At the Cape Food Farm, we grow organic, nutrient-dense vegetables and we place a high focus and value on our soil. Of course, it sounds wonderful to eat nutrient-dense food, but what does that really mean? Most of us have been exposed to organic fruit and vegetables for some time now and have a sense of what that means. Organic farming is great, and the benefits are clear such as environmentally clean crop production. But is it the most nutrient-dense veg we can consume?
Organic farming has many shortcomings, which in a nutshell, can be summed up in this. Even though no pesticides are used, there is little focus on the soil and organisms that naturally help to grow a complete plant as well as the sustainability of the farming practises. Throughout history, there has been a relationship between humans, the earth and food. Soil and water are essential natural resources for our plant-based food production, but it is often disruptive of natural ecosystems.
We understand that soil is alive and that certain methods of farming will stop the natural biology of the soil. The application of herbicides, insecticides, fungicides, and inorganic fertilizers kill off part of the natural symbioses that exist within the plant biology, every time it is used. In all our farming practises we employ knowledge and understanding of the important role that insects play, and that pests and disease are not the cause of a failing crop but rather symptoms of plants that were never healthy to start with.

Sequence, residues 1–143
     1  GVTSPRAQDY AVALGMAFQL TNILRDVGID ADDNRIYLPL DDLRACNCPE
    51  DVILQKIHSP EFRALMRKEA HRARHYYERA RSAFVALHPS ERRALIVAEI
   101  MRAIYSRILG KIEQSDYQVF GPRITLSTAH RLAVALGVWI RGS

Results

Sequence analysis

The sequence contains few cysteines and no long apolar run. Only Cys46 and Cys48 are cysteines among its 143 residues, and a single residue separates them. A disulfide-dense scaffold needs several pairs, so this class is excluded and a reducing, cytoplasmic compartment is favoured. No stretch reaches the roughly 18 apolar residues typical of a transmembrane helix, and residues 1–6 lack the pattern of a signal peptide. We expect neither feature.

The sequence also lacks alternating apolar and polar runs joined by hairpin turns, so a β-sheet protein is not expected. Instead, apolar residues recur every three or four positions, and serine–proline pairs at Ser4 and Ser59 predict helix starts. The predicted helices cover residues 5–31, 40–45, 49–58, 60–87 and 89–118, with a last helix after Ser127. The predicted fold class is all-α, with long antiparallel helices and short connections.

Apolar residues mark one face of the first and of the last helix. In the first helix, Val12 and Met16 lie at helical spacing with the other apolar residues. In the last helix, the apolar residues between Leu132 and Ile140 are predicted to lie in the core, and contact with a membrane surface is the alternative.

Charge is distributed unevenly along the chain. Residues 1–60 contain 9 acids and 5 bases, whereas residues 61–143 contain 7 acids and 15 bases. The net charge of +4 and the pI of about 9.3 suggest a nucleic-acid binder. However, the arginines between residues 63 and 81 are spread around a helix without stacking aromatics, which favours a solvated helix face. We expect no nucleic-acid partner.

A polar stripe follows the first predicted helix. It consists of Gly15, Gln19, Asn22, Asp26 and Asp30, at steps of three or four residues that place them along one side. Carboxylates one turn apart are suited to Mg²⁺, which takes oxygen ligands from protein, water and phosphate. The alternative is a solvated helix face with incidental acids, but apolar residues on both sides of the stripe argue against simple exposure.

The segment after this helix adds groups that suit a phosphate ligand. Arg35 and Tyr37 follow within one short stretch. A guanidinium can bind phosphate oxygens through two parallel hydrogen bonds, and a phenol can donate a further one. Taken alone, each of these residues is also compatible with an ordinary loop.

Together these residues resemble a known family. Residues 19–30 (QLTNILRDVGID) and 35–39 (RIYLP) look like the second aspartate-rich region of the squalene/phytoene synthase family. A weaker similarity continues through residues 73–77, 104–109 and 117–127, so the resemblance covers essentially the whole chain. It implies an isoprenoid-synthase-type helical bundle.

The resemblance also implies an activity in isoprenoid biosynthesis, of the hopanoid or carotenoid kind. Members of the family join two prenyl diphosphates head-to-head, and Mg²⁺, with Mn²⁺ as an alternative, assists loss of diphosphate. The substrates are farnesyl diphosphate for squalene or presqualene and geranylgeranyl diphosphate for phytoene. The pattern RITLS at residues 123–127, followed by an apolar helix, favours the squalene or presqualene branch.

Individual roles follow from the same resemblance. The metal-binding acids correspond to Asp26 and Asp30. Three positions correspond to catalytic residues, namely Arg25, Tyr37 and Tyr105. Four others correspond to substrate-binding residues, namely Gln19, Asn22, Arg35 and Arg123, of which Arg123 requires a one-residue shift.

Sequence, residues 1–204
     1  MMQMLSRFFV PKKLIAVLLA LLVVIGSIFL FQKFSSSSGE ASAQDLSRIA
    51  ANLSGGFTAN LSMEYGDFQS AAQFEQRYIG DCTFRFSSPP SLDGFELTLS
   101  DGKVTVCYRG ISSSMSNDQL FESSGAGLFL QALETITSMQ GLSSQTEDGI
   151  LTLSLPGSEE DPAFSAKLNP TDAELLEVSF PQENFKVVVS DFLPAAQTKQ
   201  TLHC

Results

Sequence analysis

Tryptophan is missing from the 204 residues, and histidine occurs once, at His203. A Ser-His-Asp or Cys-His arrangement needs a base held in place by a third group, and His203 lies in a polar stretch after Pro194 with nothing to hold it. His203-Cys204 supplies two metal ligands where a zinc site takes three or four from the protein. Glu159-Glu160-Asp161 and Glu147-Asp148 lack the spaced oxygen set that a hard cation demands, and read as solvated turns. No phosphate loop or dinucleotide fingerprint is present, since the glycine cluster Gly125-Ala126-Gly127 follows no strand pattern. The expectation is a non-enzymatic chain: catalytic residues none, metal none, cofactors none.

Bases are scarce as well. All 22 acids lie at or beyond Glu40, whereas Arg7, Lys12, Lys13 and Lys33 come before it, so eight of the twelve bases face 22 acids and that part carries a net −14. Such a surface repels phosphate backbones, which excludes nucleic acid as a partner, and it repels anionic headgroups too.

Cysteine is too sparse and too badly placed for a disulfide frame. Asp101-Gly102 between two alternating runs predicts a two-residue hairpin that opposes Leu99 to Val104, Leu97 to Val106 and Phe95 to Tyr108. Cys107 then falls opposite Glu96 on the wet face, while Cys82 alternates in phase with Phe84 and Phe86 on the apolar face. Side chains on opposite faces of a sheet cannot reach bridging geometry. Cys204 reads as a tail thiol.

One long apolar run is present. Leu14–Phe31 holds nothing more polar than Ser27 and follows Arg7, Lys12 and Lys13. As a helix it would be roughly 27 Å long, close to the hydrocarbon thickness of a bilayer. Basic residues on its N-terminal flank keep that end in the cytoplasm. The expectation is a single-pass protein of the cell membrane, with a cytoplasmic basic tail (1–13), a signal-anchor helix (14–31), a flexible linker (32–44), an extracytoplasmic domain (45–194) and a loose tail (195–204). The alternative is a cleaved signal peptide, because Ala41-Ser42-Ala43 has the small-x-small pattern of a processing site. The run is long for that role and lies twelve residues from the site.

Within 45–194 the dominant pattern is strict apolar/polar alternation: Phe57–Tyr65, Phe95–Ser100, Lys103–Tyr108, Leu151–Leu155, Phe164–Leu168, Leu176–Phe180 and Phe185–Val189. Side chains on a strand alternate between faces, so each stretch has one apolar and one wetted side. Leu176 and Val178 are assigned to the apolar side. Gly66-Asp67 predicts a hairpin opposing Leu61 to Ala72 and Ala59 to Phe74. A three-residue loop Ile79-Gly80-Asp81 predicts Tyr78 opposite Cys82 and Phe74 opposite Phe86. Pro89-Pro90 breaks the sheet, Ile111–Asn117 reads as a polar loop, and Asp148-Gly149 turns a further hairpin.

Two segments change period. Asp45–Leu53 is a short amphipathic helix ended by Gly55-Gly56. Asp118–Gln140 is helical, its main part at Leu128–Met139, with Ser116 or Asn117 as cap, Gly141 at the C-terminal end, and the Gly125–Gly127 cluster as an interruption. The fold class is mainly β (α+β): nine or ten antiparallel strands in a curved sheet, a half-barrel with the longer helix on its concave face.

Simply put, healthy plants comprise of complex carbohydrates and complete proteins. Insects have remarkably simple digestive systems which simply cannot digest complex carbohydrates. Thus, a healthy plant is no longer seen as food to them. The stronger, healthier, and more complete the plant becomes, the more resistant it is to disease and pests. Eventually transferring the excess energy (from not fighting off disease and attacks from pests) into fats or essential oils.
It is at this point that your food truly becomes medicine.